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NFT: The Mona Lisa of crypto-world

by Istiak Ahmed Shimul

Recently, there’s a new Ethereum blockchain-based unit of data based around digital art and other collectables. Called Non-fungible Tokens (NFT), some of these tokens are being sold for as high as 69 million US dollars. This has led many to claim NFT’s as the digital answer to collectables, while sceptics think it a fad that will soon die out.

What is an NFT?

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In economics, fungibility is a good or asset’s ability to be interchanged with other individual goods or assets of the same type. Simplified, it means something of value can be exchanged for another thing holding an equal value. For example, a 100 Taka note is fungible, as it can be exchanged for two 50 Taka notes. On the other hand, a famous painting such as the Mona Lisa by Leonardo da Vinci is non-fungible, as it is a one-of-a-kind artwork that is impossible to reproduce. NFT’s are such “one-of-a-kind” assets in the digital world that can be bought and sold for real money.

How does an NFT work? 

One of the main reasons art such as the Mona Lisa is deemed so valuable is because it is impossible to replicate. And while it is possible to take a picture of the painting or buy a print, both methods produce significantly different copies from the original.

Things get more complicated when it comes to digital artworks. A digital art —may it be a picture or a video— can be endlessly replicated, with one copy being identical to the other. This makes it hard to put a value on a digital collector item, as it is almost impossible to tell which copy was the first. NFT, solves this issue by creating a blockchain-based digital certificate for an artwork. And since such a certificate is virtually impossible to forge, they give the art a unique identifier similar to that of a physical painting.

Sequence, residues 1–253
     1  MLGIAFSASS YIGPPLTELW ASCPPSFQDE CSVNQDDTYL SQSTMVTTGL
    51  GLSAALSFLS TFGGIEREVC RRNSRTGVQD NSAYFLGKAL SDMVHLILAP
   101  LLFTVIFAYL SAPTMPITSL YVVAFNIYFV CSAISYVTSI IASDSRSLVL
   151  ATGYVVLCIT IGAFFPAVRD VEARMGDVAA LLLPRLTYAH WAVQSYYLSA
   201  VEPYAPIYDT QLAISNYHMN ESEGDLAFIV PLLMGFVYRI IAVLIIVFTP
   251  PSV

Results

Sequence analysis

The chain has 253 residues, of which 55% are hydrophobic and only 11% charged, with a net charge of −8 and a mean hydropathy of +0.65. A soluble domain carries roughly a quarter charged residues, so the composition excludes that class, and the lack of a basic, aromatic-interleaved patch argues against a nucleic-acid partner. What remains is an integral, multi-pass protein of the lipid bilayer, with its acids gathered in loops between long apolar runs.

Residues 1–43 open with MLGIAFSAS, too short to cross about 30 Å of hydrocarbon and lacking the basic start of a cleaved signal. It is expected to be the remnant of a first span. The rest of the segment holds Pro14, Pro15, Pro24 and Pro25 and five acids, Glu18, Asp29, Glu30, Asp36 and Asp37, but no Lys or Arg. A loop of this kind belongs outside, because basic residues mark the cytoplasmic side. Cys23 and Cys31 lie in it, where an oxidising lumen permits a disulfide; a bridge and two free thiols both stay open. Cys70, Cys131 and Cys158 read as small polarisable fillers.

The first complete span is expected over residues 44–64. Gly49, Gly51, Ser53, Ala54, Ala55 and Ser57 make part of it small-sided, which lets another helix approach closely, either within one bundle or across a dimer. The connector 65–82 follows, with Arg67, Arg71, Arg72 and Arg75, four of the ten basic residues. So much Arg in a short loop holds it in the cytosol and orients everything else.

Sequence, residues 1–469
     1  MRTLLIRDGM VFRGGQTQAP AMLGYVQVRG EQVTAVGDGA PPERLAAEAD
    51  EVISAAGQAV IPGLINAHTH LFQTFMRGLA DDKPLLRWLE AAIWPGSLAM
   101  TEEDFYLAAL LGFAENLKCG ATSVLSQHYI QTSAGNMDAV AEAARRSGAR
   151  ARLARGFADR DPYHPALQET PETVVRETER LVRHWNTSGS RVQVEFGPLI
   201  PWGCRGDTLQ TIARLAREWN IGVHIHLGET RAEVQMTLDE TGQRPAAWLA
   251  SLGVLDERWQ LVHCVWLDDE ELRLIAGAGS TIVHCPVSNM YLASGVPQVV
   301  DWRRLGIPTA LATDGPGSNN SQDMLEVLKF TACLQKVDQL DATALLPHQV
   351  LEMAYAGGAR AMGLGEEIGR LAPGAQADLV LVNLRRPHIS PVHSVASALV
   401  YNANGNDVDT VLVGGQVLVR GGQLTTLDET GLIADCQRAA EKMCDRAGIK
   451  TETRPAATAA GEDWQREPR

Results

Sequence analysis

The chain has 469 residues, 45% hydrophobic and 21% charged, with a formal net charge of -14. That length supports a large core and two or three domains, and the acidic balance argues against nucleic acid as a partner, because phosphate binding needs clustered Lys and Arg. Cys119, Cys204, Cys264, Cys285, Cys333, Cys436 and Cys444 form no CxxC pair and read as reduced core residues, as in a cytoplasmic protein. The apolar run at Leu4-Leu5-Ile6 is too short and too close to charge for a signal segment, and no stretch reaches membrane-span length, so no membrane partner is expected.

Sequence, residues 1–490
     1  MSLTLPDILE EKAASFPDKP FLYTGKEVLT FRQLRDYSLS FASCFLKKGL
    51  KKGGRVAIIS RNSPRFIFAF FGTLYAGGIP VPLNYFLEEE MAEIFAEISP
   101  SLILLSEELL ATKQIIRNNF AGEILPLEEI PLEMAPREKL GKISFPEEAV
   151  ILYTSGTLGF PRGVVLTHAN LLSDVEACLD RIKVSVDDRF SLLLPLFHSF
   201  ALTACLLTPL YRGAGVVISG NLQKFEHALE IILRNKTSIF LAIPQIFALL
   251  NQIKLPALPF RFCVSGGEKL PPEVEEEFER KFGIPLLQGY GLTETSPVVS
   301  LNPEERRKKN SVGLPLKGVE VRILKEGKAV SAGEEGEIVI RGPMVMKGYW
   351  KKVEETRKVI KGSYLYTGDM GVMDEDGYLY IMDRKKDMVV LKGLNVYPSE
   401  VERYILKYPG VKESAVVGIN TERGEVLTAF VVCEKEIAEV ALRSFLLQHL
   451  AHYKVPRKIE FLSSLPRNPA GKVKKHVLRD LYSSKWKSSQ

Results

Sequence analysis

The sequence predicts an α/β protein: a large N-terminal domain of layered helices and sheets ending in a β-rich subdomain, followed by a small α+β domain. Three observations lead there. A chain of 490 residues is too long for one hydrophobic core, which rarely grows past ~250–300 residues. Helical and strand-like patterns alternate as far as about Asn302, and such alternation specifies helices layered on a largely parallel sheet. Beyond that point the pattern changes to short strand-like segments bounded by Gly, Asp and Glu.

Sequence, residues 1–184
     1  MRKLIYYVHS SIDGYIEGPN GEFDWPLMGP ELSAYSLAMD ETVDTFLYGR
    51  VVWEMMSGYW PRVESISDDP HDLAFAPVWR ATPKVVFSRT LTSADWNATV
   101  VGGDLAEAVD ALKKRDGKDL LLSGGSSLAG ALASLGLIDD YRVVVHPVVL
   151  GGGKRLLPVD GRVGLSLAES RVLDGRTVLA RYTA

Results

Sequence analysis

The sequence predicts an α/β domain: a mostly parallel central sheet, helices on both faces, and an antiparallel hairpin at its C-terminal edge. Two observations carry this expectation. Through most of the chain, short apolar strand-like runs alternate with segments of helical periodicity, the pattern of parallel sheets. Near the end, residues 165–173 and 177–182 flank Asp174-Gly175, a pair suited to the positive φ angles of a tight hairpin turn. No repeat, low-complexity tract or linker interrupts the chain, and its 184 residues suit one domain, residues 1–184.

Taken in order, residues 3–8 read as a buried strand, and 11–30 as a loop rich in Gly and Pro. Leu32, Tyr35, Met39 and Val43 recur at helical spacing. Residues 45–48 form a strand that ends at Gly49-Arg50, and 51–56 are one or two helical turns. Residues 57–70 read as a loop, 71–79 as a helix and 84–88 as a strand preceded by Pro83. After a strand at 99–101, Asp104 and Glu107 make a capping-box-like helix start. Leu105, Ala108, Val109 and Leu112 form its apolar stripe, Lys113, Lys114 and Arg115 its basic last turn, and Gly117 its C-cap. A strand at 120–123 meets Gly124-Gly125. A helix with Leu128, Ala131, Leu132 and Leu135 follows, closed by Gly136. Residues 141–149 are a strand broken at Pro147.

Does NFT prevent copying of art?

No. Any item sold as an NFT can still be freely copied and shared. In many cases, the artist even retains copyright ownership. The buyer of an NFT receives a digital certificate that proves he owns the “original” work. Many compare the practice to purchasing a signed copy or an autograph.

What is the point?

Much like a rare car or a painting, NFTs are a speculative asset. Meaning a buyer can later sell it for a profit.

However, many are on the fence about the NFT’s success. David Gerard, the author of Attack of the 50-foot Blockchain, told BBC he saw NFTs as buying “official collectables”, similar to trading cards. Beeple – real name is Mike Winkelmann -, is an artist whose art NFT ended up selling for $69 million at an auction. In an interview with the BBC, he also said: “I actually do think there will be a bubble, to be quite honest… And I think we could be in that bubble right now.”



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